By Emma Bowen Meyer For The Herald Bulletin
The Herald Bulletin
---- — ANDERSON — When Ryan and Sarah Smith moved from Little Rock, Ark., to the land of cornfields, they thought they were leaving fun-filled woods and hills behind. After touring an old home in Forest Hills, they discovered a wonderland that reminded them of home.
“The view out the back windows is what sold the house,” said Ryan, pulpit preacher of Journey Church of Christ (previously known as Lindberg Road Church of Christ). “We turned the corner, looked out there and couldn’t believe it. It was fall and all the trees were so colorful.”
Due to the walk-out basement, the first floor becomes a second story in the back of the house. Huge windows grant a beautiful vista of woods that roll down a hill away from the house.
“In the summer and fall you can’t even see the neighbors’ houses,” he added. “We have our own little Narnia in the backyard.”
Ethan, 9, and Wyatt, 6, love to tromp in the woods and bring back plenty of treasures – along with plenty of mud. Collecting bones and salamanders, they enjoy tracing the movements of raccoons and deer.
“We have eight or nine deer show up every day,” said Ryan. “We get all of this living in the middle of town when we thought we were going to have to give it up.”
“Our latest find is that they have paved more of the White River Trail,” said Sarah. “We like to ride our bikes to Frisch’s. This summer we can ride to the city market and the library. It’s really exciting for us.”
Not only a great spot for fair-weather months, this home also provides sledding action over the snowy winter. Using the pathway of the stairs out back as a launching point, Ryan was able to create a tube-like adventure that twisted down the hill and featured a jump at the end.
Built in 1934, the house was updated in the early 90’s and was ready for a facelift. The Smiths carefully removed the floor-to-ceiling wallpaper that was present in every single room except the living room.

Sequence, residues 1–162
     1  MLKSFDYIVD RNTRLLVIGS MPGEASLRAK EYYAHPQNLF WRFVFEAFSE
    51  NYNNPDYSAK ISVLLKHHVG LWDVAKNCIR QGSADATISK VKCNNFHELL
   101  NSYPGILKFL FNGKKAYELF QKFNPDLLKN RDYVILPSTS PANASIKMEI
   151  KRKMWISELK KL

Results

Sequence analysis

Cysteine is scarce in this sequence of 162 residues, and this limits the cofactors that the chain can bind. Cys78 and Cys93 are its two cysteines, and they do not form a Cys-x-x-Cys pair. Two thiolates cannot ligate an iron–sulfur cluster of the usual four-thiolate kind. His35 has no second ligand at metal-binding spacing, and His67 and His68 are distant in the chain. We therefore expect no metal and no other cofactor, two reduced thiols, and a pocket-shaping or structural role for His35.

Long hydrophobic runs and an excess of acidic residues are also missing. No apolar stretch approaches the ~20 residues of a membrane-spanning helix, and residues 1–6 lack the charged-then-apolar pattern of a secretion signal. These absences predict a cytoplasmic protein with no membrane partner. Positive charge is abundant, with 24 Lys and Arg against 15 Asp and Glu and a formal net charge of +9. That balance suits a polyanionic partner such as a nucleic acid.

Church members helped with more challenging projects, such as building a set of stairs from the walk-out basement to the base of the hill in the backyard, adding an extra doorway in the living room wall, and renovating the upstairs bathroom.
“I tiled the floor myself,” said Sarah. “I was pretty nervous about it but it turned out really well.”
When she wasn’t tiling, she had a can of spray paint in her hand. By adding a black coat to all the brass fixtures in the house (including the door to the fireplace), she inexpensively fashioned pieces that look brand new.
“Instead of replacing things that still work, I just update them,” she said.
Not only has the family enjoyed the records of the home left by the previous owner, including pictures from the architect, but also finding surprises at every turn.
“We found a secret room after we moved in,” said Ryan, who explained that a small door in a closet opens to a hall that, once crawled through, leads to a tiny room. “Sometimes we go in there and read a book.”
They also discovered an old safe built into the wall. Previous owners have passed the combination down through the years so that it remains useable. A small inset behind a door next to the fireplace was a mystery until a visit to Connor Prairie. Sarah learned she is the proud owner of a black oven, which was used to bake bread.
“God has blessed us,” said Ryan.
Each week, Emma Bowen Meyer features a Madison County home. If you know of a home that should be showcased, send an e-mail to firstname.lastname@example.org.